Saturday, February 24 , 2018, 2:01 pm | Fair 59º

 
 
 
 

Letter to the Editor: Censorship of Opposition to Measure P Campaign

With all the buzz on Measure P, I went to a social network site and visited both sides to see what’s being thrown at each other. I was quickly banned from commenting on the “No on P” Facebook site. On the “Yes on P” site, however, I got fully involved with key arguments on both sides and got immersed with commenting freely.

My wife wanted to leave a comment on a “No on P” site article, so I told her to get a screenshot as soon as she posted the comment in case it got deleted. Attached to this story is a copy of her posting. It not only got deleted after a few hours, but she is now banned from making comments on the site.

I didn’t see any basis for the post to be deleted other than it factually contradicted their views. The “Yes on P” site has a published guideline so you know why comments are deleted; they sometimes even post warnings to offending posts before being deleted.

We found this tactic of extreme censoring the “No on P” site is doing as very disturbing and made us wonder what else they are being deceitful about.

While it’s clear that the “Yes on P” group wants to ban future invasive oil extraction methods that pump foreign and dangerous substances into the ground, the “No on P” side seemed more concerned about the measure going too far as it could cause job loss and tax revenue losses. I thought this might have been a valid concern until I read the actual measure’s text. In the measure’s text, it clearly stated a list of exemptions including some specifics on existing projects.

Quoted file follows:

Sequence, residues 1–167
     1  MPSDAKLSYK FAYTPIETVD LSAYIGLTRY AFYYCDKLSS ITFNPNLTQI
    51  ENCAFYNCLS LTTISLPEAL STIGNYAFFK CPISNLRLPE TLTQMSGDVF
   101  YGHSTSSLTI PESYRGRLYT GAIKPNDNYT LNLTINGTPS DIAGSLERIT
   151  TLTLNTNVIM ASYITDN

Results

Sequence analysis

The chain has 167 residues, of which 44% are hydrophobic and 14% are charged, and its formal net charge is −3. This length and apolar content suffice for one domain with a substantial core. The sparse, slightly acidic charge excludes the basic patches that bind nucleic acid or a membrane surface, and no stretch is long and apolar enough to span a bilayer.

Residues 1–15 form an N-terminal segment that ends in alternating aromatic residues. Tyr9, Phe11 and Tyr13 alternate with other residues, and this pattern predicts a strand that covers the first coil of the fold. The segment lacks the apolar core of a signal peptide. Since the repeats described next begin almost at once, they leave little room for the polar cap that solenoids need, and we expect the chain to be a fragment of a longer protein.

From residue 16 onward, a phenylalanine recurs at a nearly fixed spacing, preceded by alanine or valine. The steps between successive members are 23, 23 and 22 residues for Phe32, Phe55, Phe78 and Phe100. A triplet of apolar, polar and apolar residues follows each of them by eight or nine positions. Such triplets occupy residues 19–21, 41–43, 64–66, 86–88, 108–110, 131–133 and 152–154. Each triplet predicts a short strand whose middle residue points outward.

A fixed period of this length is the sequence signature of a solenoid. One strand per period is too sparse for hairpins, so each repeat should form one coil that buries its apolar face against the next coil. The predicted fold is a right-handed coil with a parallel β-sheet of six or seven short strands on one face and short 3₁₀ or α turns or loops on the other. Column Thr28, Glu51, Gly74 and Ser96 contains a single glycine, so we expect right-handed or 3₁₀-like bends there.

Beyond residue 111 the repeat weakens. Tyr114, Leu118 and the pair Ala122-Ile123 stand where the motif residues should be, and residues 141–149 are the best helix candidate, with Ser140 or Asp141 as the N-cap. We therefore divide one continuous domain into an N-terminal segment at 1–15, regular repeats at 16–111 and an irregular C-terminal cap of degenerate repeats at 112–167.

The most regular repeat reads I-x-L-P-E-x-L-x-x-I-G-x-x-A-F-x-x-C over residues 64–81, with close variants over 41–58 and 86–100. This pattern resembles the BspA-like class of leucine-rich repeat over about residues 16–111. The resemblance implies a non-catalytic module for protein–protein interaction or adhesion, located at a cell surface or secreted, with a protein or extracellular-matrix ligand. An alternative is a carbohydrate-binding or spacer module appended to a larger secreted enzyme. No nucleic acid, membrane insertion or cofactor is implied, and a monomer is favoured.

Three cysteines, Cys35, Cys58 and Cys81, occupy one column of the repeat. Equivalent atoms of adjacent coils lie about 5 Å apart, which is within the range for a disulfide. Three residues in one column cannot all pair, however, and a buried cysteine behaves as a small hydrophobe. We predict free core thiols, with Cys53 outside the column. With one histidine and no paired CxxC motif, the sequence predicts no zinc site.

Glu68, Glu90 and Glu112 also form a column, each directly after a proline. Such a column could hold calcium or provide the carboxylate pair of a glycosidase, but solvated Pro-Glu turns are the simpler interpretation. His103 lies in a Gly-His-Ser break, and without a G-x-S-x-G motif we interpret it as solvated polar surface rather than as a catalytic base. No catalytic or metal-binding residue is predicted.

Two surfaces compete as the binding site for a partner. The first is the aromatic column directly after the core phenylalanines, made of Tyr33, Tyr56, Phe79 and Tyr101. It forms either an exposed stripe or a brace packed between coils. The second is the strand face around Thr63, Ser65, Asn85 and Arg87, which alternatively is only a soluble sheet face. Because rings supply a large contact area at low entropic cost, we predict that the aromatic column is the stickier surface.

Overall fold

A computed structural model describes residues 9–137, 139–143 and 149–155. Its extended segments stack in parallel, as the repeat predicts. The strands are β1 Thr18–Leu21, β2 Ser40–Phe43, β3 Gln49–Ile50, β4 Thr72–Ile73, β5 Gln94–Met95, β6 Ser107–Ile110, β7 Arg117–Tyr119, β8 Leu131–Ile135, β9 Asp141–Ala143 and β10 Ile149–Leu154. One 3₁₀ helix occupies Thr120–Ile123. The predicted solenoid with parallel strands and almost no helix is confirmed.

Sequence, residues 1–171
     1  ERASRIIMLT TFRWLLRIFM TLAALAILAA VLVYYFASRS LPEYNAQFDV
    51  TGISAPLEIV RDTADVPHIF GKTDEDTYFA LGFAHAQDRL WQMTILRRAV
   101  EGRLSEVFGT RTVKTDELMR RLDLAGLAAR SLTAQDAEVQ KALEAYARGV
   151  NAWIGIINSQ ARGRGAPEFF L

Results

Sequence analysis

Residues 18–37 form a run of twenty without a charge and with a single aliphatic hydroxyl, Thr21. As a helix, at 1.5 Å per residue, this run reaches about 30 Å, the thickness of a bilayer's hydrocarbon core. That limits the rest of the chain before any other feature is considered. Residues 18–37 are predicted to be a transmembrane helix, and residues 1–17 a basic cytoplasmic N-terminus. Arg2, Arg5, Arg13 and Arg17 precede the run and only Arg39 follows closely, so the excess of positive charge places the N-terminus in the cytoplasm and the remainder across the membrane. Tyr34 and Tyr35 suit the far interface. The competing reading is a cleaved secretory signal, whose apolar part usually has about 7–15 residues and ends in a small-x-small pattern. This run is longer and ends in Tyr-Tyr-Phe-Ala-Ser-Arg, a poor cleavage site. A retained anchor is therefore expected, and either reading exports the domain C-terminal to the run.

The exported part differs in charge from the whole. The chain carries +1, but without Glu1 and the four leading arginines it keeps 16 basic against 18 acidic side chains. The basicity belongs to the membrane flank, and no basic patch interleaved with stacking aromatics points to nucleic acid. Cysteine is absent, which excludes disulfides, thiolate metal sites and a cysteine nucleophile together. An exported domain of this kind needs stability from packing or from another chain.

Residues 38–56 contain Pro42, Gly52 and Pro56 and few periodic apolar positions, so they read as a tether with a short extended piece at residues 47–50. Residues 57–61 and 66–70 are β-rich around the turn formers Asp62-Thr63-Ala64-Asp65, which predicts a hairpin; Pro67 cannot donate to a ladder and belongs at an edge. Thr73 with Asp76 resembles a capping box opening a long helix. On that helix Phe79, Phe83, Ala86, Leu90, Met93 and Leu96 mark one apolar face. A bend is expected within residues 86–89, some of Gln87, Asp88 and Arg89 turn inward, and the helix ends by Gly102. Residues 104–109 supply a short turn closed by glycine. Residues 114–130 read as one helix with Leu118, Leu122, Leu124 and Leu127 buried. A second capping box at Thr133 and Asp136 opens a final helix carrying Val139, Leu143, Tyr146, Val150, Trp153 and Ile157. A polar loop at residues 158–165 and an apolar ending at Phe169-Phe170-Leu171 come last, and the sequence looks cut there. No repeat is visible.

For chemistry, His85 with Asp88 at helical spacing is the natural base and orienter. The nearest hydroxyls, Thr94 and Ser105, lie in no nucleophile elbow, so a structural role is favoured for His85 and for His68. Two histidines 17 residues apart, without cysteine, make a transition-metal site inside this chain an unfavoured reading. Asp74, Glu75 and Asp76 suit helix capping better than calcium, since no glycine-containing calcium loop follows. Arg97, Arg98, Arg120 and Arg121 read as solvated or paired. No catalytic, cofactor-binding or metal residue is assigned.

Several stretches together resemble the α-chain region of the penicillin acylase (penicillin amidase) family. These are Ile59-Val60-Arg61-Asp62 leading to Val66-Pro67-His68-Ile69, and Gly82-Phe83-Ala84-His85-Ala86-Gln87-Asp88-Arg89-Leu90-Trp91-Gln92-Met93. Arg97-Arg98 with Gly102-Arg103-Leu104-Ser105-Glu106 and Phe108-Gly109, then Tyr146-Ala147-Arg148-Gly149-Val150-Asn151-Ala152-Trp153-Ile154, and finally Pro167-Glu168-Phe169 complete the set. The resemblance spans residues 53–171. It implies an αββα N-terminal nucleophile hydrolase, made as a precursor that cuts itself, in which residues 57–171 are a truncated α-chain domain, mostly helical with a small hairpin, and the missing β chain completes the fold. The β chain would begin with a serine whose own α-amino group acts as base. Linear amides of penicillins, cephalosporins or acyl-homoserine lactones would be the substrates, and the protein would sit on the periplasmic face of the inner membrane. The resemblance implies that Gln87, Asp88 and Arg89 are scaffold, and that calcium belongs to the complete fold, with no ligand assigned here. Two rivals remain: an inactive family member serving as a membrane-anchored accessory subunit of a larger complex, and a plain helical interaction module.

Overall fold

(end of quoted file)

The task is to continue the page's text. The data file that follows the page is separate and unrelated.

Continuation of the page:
Abad
A screenshot of the deleted post.

From the full text of the measure, it is stated on Section 5-C in Page 26: “The provisions of this Initiative shall not be applicable to any person or entity that has obtained, as of the Effective Date of this Initiative, a vested right, pursuant to State law, to conduct a High-Intensity Petroleum Operation.”

I then looked up how the California state law interprets “vested rights,” and here is what I found: "A vested mining right is a constitutionally protected property right to continue operating in a certain location and in a certain way without being required to conform to all current land use restrictions. Under most local zoning ordinances, a vested mining right falls into the category of a "nonconforming use" of land.

The leading court case in this area has described a "nonconforming use" in this way: "A legal nonconforming use is one that existed lawfully before a zoning restriction became effective and that is not in conformity with the ordinance when it continues thereafter. The use of the land, not its ownership, at the time the use becomes nonconforming determines the right to continue the use. Transfer of title does not affect the right to continue a lawful nonconforming use which runs with the land. Hansen Brothers Enterprises v. Board of Supervisors, 12 Cal. 4th 533, 540 fn. 1 (1996).”

Clearly from the measure’s text, no jobs will be lost on existing projects or even on those barely starting before the measure passes; therefore, the county taxes wouldn’t even be affected at all. The measure doesn’t even address offshore oil extractions where actual fracking might be occurring. With oil prices down almost half of its peak within the past couple years, there might not even be any new projects started even if the measure was not around.

To the contrary of the “no” claim of it going too far, it actually is sounding like this measure is not going far enough. But I’ll vote for it anyway as it is a step in the right direction.

Jonathan Abad
Goleta

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